The censors are also staying abreast of changes on the Internet. Hackers in 2004 found a list of 987 words that were banned from QQ, China's top instant- messaging program. That same year, phone companies were ordered to install software that blocks text messages with offending terms. And bloggers are barred from posting words such as "freedom" as topics, although they're given a bit more leeway in the actual text of their blog entries. Even so, since last summer, bloggers have been required either to post their musings on commercial sites that employ filters or to register with authorities, making it easier to track down offenders.
The restrictions have led many companies to make both subtle and substantial changes to their operations on the mainland. The Shanghai podcasting and video blogging service provider Toodou.com checks files before they're posted, and users sometimes report objectionable content. And IDG Venture Technology Investment Inc., part of Boston's International Data Group Inc., has invested in a Chinese company that operates online bulletin boards on real estate, entertainment, technology, autos, and more. But "we don't touch politics at all," says Quan Zhou, managing director of the group's Chinese arm.
China's Internet gateways can cause problems even for those companies that avoid controversial subjects. ILX Media Group, a Greensboro (N.C.) publisher of four Chinese-language medical journals, transmits content from the U.S. to China. But getting complex graphics through Beijing's filters can take days, says Jeffrey Parker, ILX's chief operating officer in Shanghai. "All traffic has to go through the same meat grinder," says Parker. Not that such policies deter investors. Parker, for instance, says he's upbeat about his prospects there.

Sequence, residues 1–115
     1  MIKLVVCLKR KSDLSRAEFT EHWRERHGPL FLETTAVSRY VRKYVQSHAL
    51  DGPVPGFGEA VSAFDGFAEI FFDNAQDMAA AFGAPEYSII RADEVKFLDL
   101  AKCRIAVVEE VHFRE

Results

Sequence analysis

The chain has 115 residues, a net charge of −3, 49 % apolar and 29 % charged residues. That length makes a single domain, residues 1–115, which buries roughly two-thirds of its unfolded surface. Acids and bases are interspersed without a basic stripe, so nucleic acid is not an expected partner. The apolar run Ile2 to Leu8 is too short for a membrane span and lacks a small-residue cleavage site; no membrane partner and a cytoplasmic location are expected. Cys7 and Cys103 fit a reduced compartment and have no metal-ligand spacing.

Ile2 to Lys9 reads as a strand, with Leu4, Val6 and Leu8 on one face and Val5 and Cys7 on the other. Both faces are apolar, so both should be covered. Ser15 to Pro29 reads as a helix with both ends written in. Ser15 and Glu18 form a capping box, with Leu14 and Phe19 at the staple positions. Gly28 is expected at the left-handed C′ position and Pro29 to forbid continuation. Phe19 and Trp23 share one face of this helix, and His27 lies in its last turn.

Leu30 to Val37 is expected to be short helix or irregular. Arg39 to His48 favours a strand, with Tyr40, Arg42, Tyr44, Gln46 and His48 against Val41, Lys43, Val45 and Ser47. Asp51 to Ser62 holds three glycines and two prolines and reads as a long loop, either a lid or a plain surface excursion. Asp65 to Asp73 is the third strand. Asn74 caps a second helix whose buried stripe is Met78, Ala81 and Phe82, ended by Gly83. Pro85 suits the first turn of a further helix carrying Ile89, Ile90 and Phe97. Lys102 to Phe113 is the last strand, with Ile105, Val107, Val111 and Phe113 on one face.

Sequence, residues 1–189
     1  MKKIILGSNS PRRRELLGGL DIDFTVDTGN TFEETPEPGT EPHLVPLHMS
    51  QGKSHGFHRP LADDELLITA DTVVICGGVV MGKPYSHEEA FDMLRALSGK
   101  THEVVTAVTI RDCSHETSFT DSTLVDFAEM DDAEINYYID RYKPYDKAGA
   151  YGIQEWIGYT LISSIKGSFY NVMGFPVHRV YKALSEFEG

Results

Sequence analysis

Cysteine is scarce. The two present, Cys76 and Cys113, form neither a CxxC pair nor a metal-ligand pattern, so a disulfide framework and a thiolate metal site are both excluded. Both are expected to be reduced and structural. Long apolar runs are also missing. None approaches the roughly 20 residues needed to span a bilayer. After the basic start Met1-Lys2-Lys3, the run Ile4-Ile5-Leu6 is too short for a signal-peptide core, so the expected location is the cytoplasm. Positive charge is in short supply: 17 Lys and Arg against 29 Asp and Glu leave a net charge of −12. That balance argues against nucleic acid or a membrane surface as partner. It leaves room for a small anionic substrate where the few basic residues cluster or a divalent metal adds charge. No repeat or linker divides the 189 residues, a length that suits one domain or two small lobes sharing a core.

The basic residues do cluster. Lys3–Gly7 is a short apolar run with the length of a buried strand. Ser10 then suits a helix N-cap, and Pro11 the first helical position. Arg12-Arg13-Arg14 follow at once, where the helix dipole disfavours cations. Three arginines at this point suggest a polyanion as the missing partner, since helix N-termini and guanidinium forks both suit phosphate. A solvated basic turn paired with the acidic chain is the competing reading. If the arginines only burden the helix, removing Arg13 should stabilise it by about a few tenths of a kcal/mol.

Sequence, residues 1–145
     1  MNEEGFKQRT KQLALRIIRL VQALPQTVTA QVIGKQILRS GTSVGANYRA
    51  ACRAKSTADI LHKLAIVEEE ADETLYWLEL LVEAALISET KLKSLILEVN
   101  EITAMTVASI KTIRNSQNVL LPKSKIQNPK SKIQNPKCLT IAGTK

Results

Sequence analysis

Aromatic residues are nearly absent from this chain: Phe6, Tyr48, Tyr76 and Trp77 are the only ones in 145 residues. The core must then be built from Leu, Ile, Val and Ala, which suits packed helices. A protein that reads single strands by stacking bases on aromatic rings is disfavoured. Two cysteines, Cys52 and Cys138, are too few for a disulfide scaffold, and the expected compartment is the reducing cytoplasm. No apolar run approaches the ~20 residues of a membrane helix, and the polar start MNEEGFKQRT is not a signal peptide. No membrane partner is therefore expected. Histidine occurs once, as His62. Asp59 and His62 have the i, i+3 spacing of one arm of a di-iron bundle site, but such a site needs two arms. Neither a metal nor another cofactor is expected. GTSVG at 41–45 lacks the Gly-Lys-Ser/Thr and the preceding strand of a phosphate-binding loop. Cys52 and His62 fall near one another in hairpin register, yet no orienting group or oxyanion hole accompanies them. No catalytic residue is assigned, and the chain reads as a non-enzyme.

Despite the power and sophistication of China's censors, the march of technology may yet foil them. As more sites add podcasts and user-generated video, China's monitoring efforts will become far more complicated because it's harder to examine such material than it is to check text files. "How do you filter when everybody has the capability to be their own video blogger?" asks Ross O'Brien, managing director at Intercedent Hong Kong, an IT consulting and research firm. But don't underestimate China's ability to control the Net, just as it has done in the past. Although the battle is far from over, the formula of getting companies to do much of the fighting may keep on serving China well.
By Bruce Einhorn and Ben Elgin